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Rutgers Administration Holds Public Meeting on Strategic Plan

46-Page Draft Plan Released, Deadline For Public Input Extended to October 1
Charlie Kratovil

NEW BRUNSWICK, NJ— A public discussion on the Rutgers-New Brunswick "strategic plan" will be held tonight from 5-7pm in the Rutgers Student Center Multipurpose Room at 126 College Avenue.

Chancellor of the New Brunswick campus Richard Edwards sent out a University-wide email containing a draft of the Rutgers strategic plan, and announced that the deadline for public input had been extended.

"After consultation with President [Robert] Barchi, I am extending the strategic plan review period until Wednesday, October 1," Edwards wrote.  The deadline was originally September 15

The draft plan contains a number of charts, proposals, graphs and documents, all of which were the result of several months and planning by focus groups within the University. 

"I invite all members of the community to review the current version of the strategic plan," Dr. Edwards wrote. 

In addition, the email touted a list of schools within the Big Ten and the Association of American Universities. The latter was further broken down to include a list of "AAU Public Aspirants," of which there were nine:

  • University of California-Berkeley
  • University of California-Los Angeles
  • University of California-San Diego
  • University of Illinois at Urbana-Champaign 
  • University of Michigan-Ann Arbor
  • University of North Carolina at Chapel Hill
  • University of Virginia-Main Campus
  • University of Washington-Seattle Campus
  • University of Wisconsin-Madison  

The strategic plan draft was broken down into several smaller chapters, which in turn identify goals and intiatives to reach them.

One such goal was titled "Sustaining and Exploring the Raritan River". The document highlights a program run by the Edward J. Bloustein School of Planning and Public Policy, known as the "Sustainable Raritan River Initiative". 

The collaborative includes a number of institutes, deparmtments and offices within Rutgers, as well as private businesses, and local, state and federal government entities.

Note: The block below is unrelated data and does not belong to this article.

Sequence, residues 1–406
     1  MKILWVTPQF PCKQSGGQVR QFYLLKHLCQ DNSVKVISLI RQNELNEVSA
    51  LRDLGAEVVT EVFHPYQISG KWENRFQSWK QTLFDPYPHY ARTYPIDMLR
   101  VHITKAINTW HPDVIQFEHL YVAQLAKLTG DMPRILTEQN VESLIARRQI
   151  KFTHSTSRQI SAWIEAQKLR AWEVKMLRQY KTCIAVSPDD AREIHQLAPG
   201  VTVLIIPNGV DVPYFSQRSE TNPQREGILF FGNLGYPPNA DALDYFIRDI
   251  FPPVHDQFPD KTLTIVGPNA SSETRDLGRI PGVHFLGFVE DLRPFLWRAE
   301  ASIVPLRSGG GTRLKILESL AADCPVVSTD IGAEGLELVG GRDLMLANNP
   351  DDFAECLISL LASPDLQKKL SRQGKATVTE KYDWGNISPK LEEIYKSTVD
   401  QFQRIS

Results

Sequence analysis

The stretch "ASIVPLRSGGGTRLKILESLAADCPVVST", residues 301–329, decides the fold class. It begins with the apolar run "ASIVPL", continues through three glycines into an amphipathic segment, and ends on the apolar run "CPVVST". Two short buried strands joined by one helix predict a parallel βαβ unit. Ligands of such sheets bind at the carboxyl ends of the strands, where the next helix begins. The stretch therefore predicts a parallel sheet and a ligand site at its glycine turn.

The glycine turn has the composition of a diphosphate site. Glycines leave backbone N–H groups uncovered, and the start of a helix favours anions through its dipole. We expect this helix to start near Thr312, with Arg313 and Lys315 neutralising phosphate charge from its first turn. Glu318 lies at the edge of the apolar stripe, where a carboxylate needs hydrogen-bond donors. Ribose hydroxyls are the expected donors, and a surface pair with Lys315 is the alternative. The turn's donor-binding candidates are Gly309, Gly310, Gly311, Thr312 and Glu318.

In the strategic plan, it is suggested that the Bloustein School, along with Rutgers Athletics and Rutgers Recreation, would help to oversee this continued project.  The Rutgers crew team uses the river for its practices and competitions.

In 1989, the Edison Wetlands Association (EWA) launched the Raritan River Project. 

According to the EWA, there are currently 25,000 contimanted sites along the Raritan River.

Rutgers officials had also listed the "Center for Unmanned Aircraft Systems" as another area of improvement in the strategic plan. 

Unmanned aircraft systems, also known as "drones," are being tested in a joint venture between Rutgers, Virginia Tech, and the University of Maryland-College Park.

Plans for this testing were annouced by the Federal Aviation Administration in December 2013, as we reported.

They were part of the FAA Modernization and Reform Act of 2012, passed by Congress in February of that year.  Congress directed the Federal Aviation Administration to select six locations that would be used as test sites for unmanned aircraft systems. 

The draft strategic plan had also called for greater security with the off-campus student population living in New Brunswick, titling this section "Off-Campus and Community Relations."

After the murder of former Rutgers student William McCaw in February 2014, critics of the University public safety system pointed out that the Rutgers University Police Department did not provide a crime alert in light of the discovery of McCaw's body, and did not acknowledge his death for weeks after.

As a result of public pressure, the Rutgers University Police Department began issing crime alerts for all "serious" crimes that occur in the Fifth and Sixth Wards of New Brunswick, and also began participating in joint patrols with the New Brunswick Police Department.

For the first time, Rutgers University chipped in $130,000 to fund the joint patrols this month.

The growing grassroots effort to make the off-campus neighborhoods safer for students has been dubbed the "Scarlet Zones" initiative, and includes student organizations such as the Rutgers University Student Assembly, the Off Campus Student Asssociation, and the Inter-Fraternity Council.